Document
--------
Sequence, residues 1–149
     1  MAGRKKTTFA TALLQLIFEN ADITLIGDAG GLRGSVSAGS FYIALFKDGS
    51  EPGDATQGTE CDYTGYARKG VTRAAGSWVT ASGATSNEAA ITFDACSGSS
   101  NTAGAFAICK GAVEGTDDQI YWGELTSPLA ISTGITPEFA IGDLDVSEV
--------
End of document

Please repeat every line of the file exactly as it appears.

Sequence, residues 1–149
     1  MAGRKKTTFA TALLQLIFEN ADITLIGDAG GLRGSVSAGS FYIALFKDGS
    51  EPGDATQGTE CDYTGYARKG VTRAAGSWVT ASGATSNEAA ITFDACSGSS
   101  NTAGAFAICK GAVEGTDDQI YWGELTSPLA ISTGITPEFA IGDLDVSEV